5) You may not need as much capacity as you thought you did. If your company has historically relied on outside trucking firms to manage its freight, you may not have a perfect handle on exactly how much capacity you actually need throughout a year. This risk of equipment underutilization can get pricey. “Many companies experience shipping peaks and valleys throughout the year,” Canada Cartage points out. “Because of this, private fleets often scale their equipment needs to handle peak periods and satisfy customer demands, which can lead to underutilized equipment sitting idle during slower periods. This practice is inefficient and extremely costly for companies.” One way around this is by selling that additional capacity to other companies that need transportation support—a move the can help generate additional revenues to cover the costs of running your private fleet.

If this is the year that you plan to launch a new, private fleet or take an existing fleet to the next level, keep these critical points in mind as you make your purchase decisions. Weigh out the pros and the cons, and compare them to the positive and negative aspects of relying on outside trucking companies.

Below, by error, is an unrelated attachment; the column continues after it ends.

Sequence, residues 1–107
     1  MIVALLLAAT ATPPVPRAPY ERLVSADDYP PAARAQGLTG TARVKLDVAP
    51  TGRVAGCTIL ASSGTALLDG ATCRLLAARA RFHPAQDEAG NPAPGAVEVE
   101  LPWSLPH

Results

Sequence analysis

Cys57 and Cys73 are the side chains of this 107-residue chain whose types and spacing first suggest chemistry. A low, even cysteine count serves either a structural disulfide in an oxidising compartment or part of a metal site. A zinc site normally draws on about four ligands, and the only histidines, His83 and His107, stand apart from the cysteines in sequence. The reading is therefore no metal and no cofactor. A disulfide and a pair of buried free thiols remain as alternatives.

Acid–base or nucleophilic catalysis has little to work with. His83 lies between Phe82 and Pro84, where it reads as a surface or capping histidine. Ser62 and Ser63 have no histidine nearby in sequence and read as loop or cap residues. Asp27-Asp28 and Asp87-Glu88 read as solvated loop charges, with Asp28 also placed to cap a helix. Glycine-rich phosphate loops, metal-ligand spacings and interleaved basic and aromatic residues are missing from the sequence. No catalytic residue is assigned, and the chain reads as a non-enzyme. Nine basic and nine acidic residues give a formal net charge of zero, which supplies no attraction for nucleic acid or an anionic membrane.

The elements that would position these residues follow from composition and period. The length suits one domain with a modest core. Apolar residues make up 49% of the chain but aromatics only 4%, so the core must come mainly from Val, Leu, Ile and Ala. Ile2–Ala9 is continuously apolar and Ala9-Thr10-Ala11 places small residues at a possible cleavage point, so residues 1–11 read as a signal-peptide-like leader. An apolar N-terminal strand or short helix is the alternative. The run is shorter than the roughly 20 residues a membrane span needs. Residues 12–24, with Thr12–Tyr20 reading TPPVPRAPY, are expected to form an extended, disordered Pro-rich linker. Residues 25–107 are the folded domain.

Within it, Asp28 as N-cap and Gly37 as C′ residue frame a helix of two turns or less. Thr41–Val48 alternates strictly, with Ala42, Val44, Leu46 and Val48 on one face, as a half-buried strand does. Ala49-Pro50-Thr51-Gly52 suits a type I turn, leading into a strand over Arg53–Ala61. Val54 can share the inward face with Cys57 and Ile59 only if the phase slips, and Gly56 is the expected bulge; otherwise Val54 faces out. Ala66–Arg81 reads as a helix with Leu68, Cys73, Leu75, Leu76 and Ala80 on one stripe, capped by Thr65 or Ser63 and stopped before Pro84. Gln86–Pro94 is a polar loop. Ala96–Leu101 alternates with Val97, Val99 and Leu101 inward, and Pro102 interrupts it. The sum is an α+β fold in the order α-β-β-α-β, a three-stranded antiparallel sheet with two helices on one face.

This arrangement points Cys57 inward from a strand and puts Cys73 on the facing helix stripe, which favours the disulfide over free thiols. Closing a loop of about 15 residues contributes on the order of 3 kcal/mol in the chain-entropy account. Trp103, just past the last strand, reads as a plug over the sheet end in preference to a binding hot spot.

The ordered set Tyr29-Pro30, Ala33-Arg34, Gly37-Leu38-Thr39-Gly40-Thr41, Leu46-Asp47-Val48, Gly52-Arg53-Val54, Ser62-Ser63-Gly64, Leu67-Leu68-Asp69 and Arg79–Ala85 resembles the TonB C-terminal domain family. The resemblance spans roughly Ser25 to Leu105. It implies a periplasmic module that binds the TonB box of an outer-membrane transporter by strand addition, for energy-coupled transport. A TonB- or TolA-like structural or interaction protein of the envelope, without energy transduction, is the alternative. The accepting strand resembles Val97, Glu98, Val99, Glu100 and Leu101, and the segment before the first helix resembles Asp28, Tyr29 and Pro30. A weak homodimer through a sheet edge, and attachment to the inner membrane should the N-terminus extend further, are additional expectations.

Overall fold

PINC Yard Management System has helped several organizations better manage their private fleets and reduce trailer pool sizes. PINC Permanent RFID Tags are used by carriers and private fleets that enter the same yards frequently. When installed on a trailer, PINC Permanent Tags provide consistent data across the fleet, accelerate check-in, and check-out, and enable managers and carriers to gain constant visibility to trailers across multiple locations. Temporary RFID Tags allow tracking of all other trailers. With accurate and reliable data collection, error-free entry processes, and the elimination of lag time and human error, the PINC RFID Tags deliver visibility you can depend on.

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Amanda Correa

Written by Amanda Correa